R.I.P. Ursula Le Guin

Ursula Le Guin in 2008
Ursula Le Guin in 2008

The writer Ursula Le Guin (photo ©Gorthian) passed away on Monday. The causes of her death were not revealed but her health deteriorated over the past year.

Ursula Kroeber, this is her birth name, was born on October 21, 1929 in Berkeley, California, USA.

Ursula Le Guin’s mother, Theodora, was a writer and encouraged her daughter and her three sons to read from their earliest childhood. Ursula was still a child when she started writing her first stories. She studied at Columbia University, where she earned her B.A. in Renaissance French and Italian literature from Radcliffe College in 1951, and her M.A. in French and Italian literature from Columbia University. After her graduation she moved to Paris, where she met Charles Le Guin and the two of them got married in 1953.

For some time, Ursula Le Guin devoted herself to her family, also due to the birth of her daughter Elisabeth in 1957, her daughter Caroline in 1959 and her son Theodore 1964. However, during those years she also started writing professionally and submitted 5 novels to various publishers who, however, rejected them.

In the early 1960s, Ursula Le Guin managed to get her first stories published and decided to try again writing science fiction, a genre she stopped reading when she lost interest in the themes of the stories she found. Among the stories published there were also the first of the fantasy Earthsea series, which continued in 1968 with the first novel, “A Wizard of Earthsea”, followed over the years by other novels and short fiction.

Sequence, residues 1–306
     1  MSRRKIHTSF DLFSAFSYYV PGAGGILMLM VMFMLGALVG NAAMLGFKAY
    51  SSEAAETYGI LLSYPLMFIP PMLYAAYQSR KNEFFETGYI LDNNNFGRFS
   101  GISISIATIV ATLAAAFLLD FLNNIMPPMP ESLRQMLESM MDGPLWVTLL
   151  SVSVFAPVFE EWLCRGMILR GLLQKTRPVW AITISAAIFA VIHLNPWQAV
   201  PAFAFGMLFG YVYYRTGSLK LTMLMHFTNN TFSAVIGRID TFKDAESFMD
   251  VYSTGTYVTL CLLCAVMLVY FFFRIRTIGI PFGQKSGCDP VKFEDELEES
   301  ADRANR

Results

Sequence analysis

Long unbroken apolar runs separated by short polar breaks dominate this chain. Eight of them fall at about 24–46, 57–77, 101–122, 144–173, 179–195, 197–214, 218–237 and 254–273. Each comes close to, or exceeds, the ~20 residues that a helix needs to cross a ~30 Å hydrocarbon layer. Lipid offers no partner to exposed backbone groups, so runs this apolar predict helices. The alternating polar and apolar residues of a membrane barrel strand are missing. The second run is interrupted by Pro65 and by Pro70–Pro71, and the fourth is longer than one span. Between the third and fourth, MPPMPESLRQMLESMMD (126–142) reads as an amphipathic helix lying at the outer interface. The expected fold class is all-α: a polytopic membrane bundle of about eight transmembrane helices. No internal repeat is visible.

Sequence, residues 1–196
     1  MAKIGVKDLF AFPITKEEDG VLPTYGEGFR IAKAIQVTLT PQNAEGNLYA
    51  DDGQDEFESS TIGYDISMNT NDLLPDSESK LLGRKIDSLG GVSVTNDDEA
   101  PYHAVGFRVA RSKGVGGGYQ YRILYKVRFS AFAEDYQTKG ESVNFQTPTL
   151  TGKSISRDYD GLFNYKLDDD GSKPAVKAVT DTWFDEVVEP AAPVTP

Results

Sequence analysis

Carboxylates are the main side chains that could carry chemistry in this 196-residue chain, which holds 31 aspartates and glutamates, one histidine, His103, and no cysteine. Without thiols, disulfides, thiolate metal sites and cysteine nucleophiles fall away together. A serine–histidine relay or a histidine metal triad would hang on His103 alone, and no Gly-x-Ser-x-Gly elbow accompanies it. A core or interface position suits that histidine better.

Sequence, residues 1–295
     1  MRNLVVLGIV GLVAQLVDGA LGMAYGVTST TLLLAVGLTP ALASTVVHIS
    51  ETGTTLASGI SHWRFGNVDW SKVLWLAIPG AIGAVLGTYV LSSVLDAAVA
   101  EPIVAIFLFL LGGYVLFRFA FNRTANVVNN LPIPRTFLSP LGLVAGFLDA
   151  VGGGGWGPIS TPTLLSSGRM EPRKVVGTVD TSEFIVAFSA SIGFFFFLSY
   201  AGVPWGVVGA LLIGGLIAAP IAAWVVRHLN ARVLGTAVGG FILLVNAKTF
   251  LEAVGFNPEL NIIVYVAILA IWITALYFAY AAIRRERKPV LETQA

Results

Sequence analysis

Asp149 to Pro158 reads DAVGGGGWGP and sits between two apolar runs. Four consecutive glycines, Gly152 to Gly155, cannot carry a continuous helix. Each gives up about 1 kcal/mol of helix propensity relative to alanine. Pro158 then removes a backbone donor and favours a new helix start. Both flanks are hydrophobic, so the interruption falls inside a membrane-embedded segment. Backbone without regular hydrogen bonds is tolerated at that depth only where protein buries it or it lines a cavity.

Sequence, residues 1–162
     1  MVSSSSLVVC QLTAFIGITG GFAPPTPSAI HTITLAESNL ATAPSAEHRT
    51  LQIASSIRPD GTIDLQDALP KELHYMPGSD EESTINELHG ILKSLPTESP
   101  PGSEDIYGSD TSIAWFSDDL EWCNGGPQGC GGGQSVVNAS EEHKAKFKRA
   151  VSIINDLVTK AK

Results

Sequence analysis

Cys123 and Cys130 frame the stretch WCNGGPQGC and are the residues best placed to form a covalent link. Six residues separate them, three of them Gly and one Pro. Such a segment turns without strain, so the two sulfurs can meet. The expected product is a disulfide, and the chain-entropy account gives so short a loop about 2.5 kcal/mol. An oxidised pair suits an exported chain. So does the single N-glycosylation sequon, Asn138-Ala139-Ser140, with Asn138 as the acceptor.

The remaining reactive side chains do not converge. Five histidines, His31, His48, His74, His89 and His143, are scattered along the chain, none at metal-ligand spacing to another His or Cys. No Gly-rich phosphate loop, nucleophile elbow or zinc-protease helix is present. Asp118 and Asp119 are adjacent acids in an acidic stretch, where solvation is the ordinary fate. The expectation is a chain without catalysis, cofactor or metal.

In those years Ursula Le Guin laid the groundwork for her other great fictional universe, that of the Hainish Cycle, formed by stories generally separate in space and time and therefore independent. Again many works were published over a long period starting with the 1966 novel “Rocannon’s World”.

The novels that perhaps are the greatest masterpieces of Ursula Le Guin belong to the Hainish Cycle: “The Left Hand of Darkness” (1969), winner of the Hugo and Nebula awards, and “The Disposessed: an Ambiguous Utopia” (1974), also winner of the Hugo and Nebula awards. Another remarkable novel of the cycle is “The World of the Forest” (1976), an extension of a novella that won the Hugo award.

Ursula Le Guin also wrote other great novels such as “The Lathe of Heaven” (1971), winner of the Locus award, which was adapted for two TV movies in 1980 and 2002.

Ursula Le Guin’s great fame is linked to science fiction and fantasy but in the course of her life she also wrote works of other genres, essays and poetry. Among the children’s books there’s for example the Catwings series.

Among the many awards, in 2014 Ursula Le Guin received the one from the National Book Foundation and her acceptance speech, very critical of the publishers’ World and in particular of Amazon for their treatment of literature acting as commodity profiteers, was memorable.

Ursula Le Guin has been an extraordinary writer for her ability to create realistic worlds even in her fantasy stories with characters of great depth. The influence of her father, an anthropologist, led her to develop stories in which her worlds’ cultures with their social and political complexities were very important. Her points of view with a genuine feminism and sometimes anarchist, went far beyond so many science fiction and fantasy clichés. She was really an important writer far beyond any genre label.

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